What Is Pour Over Coffee And How Is It Different From Drip

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Pour over coffee is a simple coffee made from extracting coffee flavors using pour-over method. By pouring hot water evenly and slowly over the grounds, you can create a rich and smooth coffee.

Pour over brewing is a popular method of making coffee that’s heavily used by most experts and coffee geeks out there. It is simple, cheap and fast to implement. Pour Over doesn’t require machines to speed up the brewing process. It’s all about manual brewing.

But even though this method is at its most basic, creating that great tasting brew isn’t always easy. You need to do it right, being persistent and passionate to which you may prepare it.

Let’s take a look at this post to walk you further on the things you need to know about pour-over coffee brewing.

What’s so Special About Pour Over Coffee?

There’s no really special about it. The main reason why most people prefer this method is because it doesn’t need expensive scientific instruments to measure or calculate all the variables that affect the overall flavor. All in the pursuit of having the perfect cup of coffee.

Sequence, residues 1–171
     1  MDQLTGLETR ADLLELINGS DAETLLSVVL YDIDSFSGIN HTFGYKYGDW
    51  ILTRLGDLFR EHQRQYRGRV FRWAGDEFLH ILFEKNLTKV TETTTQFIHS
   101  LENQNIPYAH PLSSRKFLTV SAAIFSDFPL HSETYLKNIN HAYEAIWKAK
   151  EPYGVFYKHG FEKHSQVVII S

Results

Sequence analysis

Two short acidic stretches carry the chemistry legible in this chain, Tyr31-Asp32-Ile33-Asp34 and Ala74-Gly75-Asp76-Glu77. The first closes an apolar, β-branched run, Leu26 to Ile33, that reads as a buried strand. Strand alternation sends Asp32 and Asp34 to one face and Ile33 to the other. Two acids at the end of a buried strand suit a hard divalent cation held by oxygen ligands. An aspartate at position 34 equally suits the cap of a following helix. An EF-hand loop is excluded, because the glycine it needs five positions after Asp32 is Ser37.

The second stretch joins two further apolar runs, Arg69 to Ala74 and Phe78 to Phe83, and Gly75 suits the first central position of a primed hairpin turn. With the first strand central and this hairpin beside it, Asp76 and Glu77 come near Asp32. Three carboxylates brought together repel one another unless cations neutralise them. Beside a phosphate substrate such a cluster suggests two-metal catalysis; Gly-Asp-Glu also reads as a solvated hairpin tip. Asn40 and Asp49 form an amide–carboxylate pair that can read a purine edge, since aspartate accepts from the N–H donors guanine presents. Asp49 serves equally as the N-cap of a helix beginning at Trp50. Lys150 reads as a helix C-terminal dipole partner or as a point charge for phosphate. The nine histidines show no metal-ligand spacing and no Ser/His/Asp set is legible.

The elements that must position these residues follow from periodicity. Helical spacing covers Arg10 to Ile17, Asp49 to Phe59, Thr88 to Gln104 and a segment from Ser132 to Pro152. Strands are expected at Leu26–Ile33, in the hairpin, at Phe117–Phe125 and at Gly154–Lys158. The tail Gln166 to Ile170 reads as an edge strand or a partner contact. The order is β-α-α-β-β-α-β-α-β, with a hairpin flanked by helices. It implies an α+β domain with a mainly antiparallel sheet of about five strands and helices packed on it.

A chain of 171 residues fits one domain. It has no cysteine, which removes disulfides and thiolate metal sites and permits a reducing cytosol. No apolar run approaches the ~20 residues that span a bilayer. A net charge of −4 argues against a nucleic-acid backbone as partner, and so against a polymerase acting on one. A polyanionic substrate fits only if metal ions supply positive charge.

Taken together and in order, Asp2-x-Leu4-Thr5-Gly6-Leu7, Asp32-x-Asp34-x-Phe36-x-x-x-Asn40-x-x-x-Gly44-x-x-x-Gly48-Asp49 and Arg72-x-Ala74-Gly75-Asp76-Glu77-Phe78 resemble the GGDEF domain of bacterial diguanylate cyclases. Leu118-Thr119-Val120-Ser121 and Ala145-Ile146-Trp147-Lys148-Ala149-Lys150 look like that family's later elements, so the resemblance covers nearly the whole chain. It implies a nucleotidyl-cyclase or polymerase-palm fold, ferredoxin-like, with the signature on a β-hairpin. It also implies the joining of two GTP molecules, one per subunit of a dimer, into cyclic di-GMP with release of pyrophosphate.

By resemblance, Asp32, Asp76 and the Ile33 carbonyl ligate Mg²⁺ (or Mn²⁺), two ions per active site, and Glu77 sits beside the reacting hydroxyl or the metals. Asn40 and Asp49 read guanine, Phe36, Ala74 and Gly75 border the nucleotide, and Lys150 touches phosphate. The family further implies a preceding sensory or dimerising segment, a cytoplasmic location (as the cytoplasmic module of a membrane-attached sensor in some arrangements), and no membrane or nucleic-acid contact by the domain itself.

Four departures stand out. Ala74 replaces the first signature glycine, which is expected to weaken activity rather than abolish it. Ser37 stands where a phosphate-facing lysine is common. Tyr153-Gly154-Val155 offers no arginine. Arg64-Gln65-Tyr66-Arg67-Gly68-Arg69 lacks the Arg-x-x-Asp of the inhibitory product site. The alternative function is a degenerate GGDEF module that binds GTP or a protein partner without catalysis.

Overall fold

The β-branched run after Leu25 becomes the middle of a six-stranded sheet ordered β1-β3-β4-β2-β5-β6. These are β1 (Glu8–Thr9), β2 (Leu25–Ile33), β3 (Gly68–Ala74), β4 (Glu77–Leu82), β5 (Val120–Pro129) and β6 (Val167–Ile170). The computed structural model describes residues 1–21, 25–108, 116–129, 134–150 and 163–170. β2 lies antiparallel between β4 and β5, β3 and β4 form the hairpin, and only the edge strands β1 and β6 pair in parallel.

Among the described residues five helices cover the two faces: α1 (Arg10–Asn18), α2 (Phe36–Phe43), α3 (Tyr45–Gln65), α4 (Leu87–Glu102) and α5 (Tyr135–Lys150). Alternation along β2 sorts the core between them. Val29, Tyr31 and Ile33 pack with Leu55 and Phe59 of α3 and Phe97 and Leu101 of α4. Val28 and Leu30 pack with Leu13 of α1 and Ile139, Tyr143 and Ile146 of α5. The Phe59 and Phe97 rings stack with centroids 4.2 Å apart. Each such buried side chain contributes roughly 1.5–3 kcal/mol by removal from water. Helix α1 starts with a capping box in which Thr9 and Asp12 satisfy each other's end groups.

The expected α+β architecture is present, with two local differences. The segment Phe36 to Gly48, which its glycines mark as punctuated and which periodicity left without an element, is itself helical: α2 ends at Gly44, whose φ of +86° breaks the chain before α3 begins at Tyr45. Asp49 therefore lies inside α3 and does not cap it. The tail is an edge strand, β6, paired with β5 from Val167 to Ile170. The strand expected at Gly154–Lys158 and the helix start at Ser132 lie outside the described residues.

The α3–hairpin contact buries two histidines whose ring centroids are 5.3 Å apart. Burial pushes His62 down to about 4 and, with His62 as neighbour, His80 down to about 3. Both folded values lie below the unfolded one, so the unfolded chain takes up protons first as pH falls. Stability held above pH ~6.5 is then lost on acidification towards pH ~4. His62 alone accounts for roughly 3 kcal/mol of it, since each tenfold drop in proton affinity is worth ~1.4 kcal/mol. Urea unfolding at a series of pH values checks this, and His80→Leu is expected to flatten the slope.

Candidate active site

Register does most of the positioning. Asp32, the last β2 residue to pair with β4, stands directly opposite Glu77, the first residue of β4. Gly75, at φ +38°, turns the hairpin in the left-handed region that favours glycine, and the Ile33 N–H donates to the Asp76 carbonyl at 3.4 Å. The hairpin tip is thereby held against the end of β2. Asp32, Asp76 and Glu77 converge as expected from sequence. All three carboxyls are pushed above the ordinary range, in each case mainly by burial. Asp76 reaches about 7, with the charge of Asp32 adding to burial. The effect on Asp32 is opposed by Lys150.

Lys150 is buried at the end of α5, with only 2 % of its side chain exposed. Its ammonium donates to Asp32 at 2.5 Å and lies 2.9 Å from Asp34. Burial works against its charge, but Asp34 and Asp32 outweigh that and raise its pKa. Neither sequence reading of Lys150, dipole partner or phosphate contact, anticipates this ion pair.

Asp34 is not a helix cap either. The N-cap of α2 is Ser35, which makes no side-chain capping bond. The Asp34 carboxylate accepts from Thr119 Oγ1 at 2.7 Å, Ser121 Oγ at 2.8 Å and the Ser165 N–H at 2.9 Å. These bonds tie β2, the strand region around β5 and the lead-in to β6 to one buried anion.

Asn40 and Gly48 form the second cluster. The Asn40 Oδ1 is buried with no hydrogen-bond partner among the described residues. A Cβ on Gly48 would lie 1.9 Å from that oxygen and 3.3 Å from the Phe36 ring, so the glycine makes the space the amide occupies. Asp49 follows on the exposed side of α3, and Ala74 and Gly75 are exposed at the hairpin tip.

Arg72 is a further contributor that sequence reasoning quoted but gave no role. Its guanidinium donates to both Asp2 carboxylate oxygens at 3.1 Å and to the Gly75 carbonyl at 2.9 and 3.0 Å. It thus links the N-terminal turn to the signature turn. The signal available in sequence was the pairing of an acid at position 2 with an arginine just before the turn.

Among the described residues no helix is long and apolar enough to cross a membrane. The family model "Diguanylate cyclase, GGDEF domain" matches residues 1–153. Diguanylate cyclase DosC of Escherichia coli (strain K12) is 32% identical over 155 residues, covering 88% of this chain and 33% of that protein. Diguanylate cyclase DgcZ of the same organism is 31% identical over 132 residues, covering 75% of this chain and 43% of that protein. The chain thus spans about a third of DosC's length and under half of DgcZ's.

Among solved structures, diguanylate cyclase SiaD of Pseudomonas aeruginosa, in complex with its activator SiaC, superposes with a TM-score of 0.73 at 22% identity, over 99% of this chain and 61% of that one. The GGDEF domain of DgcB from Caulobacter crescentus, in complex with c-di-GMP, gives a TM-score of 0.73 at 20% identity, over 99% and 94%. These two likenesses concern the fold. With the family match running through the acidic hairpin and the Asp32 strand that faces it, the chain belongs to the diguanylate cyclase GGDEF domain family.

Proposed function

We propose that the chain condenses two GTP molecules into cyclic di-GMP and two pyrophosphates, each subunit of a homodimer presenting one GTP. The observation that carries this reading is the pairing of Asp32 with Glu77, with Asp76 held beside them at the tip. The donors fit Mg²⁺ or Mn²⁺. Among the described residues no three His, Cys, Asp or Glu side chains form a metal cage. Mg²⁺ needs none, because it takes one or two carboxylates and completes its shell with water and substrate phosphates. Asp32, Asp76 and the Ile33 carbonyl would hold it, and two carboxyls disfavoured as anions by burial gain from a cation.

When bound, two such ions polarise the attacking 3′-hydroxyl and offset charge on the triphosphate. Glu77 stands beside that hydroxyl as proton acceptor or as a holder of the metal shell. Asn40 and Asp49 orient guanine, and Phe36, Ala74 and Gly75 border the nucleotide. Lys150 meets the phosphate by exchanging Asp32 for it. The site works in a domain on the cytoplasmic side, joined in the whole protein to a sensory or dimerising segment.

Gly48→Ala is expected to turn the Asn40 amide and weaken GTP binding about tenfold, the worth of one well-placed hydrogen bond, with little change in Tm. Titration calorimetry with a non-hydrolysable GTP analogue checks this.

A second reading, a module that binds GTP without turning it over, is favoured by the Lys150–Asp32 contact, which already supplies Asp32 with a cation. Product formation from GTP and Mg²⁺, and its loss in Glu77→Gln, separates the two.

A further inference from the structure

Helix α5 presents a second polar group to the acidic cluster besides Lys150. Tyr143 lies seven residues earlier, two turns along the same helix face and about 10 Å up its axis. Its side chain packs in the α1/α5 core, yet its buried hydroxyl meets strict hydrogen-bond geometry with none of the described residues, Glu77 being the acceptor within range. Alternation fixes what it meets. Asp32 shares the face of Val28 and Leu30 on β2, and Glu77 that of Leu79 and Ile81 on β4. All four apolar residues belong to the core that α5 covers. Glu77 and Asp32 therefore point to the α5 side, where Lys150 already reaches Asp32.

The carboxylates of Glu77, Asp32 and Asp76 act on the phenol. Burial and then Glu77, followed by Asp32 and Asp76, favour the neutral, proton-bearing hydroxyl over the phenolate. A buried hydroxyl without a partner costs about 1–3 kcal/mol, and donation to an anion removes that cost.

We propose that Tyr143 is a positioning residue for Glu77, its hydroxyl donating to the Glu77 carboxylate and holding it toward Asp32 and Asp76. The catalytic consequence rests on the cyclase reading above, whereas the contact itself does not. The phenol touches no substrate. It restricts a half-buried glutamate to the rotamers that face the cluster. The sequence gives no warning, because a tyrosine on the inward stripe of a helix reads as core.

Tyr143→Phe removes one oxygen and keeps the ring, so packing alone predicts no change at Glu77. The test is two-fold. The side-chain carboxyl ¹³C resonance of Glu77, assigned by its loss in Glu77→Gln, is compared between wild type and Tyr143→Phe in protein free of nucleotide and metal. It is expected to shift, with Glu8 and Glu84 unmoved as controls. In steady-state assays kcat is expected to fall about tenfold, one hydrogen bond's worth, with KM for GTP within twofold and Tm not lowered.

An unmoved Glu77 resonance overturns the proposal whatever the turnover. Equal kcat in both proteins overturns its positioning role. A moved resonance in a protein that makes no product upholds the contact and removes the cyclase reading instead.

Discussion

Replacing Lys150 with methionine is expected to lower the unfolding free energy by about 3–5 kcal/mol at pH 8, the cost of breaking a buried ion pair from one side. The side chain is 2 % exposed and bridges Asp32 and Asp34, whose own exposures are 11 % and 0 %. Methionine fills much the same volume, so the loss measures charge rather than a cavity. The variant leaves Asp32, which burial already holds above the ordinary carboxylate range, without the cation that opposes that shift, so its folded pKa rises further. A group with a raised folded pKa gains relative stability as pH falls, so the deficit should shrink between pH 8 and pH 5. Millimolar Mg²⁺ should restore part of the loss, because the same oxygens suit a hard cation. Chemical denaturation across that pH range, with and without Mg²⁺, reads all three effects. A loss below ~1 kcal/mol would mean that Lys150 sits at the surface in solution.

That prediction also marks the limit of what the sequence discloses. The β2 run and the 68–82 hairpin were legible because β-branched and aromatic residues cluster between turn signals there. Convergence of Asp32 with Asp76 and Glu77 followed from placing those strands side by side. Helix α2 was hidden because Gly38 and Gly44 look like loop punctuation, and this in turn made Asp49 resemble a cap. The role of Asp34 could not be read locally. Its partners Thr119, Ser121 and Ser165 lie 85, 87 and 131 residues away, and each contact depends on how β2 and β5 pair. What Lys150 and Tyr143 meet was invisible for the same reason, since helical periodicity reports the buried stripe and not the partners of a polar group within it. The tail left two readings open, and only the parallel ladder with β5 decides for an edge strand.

But if you’ve done it right, expect that this type of brewing technique will produce a delightful cup of coffee with more nuance than what you’d get with French press or Aeropress.

The good thing about this brew is it gives you control over each step of the brewing process. You have control over the factors that directly (or indirectly) affect the overall flavor. You can adjust the temperature or amount of water concerning the grounds to release the certain flavor that you need.

You can also control the amount of ground to directly influence the caffeine content in your coffee. If you want more caffeine kick in your coffee, just add more grounds to your brew.

What is the Difference Between Drip and Pour Over Coffee?

The pour-over coffee brewing is also similar to filter or drip method. Both involve hot water, a ground coffee and a filter.

Their process of extracting coffee flavors is the same. In a pour-over, drip coffee, or filter coffee, the hot water saturates the coffee grounds, extracts the flavors inside, and drains through the filter into your mug or carafe.